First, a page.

Ramanuja, one of Shankara’s greatest critics, says that Shankara is just a hidden Buddhist. He is not a Hindu, he only appears to be because he uses positive terms. That is all the difference there is. Wherever Buddha says nothing, he says brahma – all else is the same. Ramanuja says that Shankara is the great destroyer of Hinduism because he has brought Buddhism in from the back door by just using a trick – wherever a negative term is used, he uses a positive term, that’s all. He calls him a “Prachchhanna-Bauddha,” a crypto-Buddhist. And he is right in a way because there is no difference. The message is the same.
So it depends on you. If you feel an affinity with silence, nothingness, then call that great being Emptiness. If you don’t feel an affinity, if you feel afraid, then call that emptiness The Great Being. But then your techniques will be different. If you feel scared with emptiness, aloneness, nothingness, then the four techniques I talked about last night will not be of much use to you. Forget them. There are other methods about which I have been talking. Use positive techniques.
But if you are ready and have the courage to be supportless, to move into emptiness, alone, ready to cease completely, then these four techniques will help you tremendously. It depends on you.
The second question:
If there is absolute emptiness inside an enlightened one, then how is it that he seems to be making decisions, discriminating, liking this or disliking that, saying yes or no?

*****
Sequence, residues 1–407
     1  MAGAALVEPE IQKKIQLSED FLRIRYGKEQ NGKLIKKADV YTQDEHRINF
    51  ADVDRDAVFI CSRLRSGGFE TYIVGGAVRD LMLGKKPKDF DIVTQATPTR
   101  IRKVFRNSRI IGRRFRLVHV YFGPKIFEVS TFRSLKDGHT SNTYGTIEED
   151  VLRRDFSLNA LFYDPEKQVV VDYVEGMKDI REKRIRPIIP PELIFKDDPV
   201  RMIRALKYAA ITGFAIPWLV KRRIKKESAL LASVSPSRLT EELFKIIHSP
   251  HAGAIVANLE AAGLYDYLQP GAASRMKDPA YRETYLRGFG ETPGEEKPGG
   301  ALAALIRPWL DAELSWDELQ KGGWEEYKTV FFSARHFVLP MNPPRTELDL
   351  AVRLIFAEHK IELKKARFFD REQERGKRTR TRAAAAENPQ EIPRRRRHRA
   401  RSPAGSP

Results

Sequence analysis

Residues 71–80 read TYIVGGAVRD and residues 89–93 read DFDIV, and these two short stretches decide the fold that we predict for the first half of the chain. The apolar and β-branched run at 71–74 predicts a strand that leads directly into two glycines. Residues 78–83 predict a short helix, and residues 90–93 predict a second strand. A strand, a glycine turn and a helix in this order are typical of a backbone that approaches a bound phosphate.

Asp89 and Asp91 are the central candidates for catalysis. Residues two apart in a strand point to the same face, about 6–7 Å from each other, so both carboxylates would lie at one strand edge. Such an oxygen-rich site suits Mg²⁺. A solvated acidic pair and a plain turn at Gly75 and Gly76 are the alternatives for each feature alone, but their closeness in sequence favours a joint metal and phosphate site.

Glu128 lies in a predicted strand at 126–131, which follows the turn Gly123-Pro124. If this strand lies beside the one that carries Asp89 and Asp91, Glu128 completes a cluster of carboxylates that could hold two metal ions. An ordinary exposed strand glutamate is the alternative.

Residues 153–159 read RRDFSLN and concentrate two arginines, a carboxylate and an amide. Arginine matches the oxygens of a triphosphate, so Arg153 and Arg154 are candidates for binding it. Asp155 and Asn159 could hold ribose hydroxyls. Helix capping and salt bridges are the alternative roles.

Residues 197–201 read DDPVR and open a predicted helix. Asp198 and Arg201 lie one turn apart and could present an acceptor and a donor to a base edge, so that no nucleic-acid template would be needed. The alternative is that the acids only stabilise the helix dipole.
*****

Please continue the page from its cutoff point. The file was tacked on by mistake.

This will really look a paradox. If an enlightened one is simply emptiness, then for us it becomes a paradox. Then why does he say yes or no? Why does he choose? Why does he like some things and dislike other things? Why does he talk? Why does he walk? Why does he live at all?
For us this is a problem; but for the enlightened one it is not a problem. Everything is done out of emptiness. The enlightened one is not choosing. It looks like choice to us but the enlightened one simply moves in one direction – that direction comes from the emptiness itself.
It is just like this. You are walking. Suddenly a car comes in front of you and you feel that an accident will happen. You don’t decide what to do. Do you decide? How can you decide? There is no time. A decision will take time. You will have to ponder and think, weigh up the pros and cons, decide whether to jump this way or that. You don’t decide. You simply jump. From where does that jump come? Between the jump and you there is no thinking process. Suddenly you become aware that the car is in front of you and you jump. The jump happens first. Then later on you can think. In that moment you jump through hastiness; your whole being jumps without any decision.